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Aaron Donald's recent contract converted roster bonus to signing bonus, most of base salary to option bonus

Friday's retirement of Rams defensive tackle Aaron Donald came as a surprise to many, in part because the team recently restructured his contract to create 2024 cap space.

Per a source with knowledge of the terms, the Rams restructured the deal on Tuesday, March 12. Specifically, the Rams converted a $5 million guaranteed roster bonus to a signing bonus. The Rams also converted the bulk of his $10 million salary to an option bonus, dropping the base salary to the minimum of $1.21 million.

The moves created $9.193 million in extra 2024 cap space for the Rams. It suggests that they'll process his retirement as a post-June 1 move, in order to avoid an acceleration of all prior payments that have yet to hit the cap.

The restructuring has no bearing on whether he will or won't emerge from retirement. The $5 million roster bonus, which had no forfeiture language (meaning he gets it even if he retires), was moved to a signing bonus in order to spread the cap charge into multiple years. It wasn't a parting gift; he already was getting the money.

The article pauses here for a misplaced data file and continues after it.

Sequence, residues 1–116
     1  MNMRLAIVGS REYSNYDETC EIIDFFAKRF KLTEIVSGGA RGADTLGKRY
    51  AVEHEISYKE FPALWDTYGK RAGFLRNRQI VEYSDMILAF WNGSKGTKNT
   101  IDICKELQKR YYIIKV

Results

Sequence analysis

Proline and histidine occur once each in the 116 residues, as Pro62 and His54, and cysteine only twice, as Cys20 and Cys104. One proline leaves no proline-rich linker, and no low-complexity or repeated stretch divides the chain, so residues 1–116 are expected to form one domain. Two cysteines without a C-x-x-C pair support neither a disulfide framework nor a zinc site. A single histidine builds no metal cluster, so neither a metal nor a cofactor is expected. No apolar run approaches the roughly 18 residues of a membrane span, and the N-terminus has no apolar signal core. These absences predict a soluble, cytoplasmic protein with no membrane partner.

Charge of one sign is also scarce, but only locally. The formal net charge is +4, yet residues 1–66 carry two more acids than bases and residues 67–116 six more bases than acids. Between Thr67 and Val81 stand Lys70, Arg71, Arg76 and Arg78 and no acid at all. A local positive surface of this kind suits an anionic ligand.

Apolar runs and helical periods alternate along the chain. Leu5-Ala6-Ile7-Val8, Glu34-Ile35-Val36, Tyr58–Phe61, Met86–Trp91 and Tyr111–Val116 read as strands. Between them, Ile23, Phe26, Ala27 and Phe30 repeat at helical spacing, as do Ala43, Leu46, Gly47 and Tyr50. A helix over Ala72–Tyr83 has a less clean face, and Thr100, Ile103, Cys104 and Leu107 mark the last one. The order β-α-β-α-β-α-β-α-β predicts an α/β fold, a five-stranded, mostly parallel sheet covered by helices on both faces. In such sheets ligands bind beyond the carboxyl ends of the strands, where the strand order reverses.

And he won't owe any money back to the Rams. He received $65 million for two years. If he changes his mind and returns, he'll get $30 million for 2024.

Or, more likely, something more than that. It's entirely possible that Donald decided the work and effort and injury risk weren't worth it for another $30 million, before taxes. He might have a number at which he'd decide he's willing to do it again — if the Rams or someone else are willing to make that offer.

That's the takeaway, for any team that would be interested in exploring the possibility of landing Donald. If you're willing to offer $35 million or $37 million or $40 million for one year of football, would Donald bite? And, in turn, would the Rams trade him?

After June 1, why wouldn't they? The cap charges would be the same, and they'd get value in lieu of getting nothing.

Remember, he sent a retirement letter to the Rams in 2022. That sparked his three-year, $95 million contract. Given that it worked before, it's impossible to rule out that his latest retirement is an effort to get more from the Rams, or from someone else, for 2024.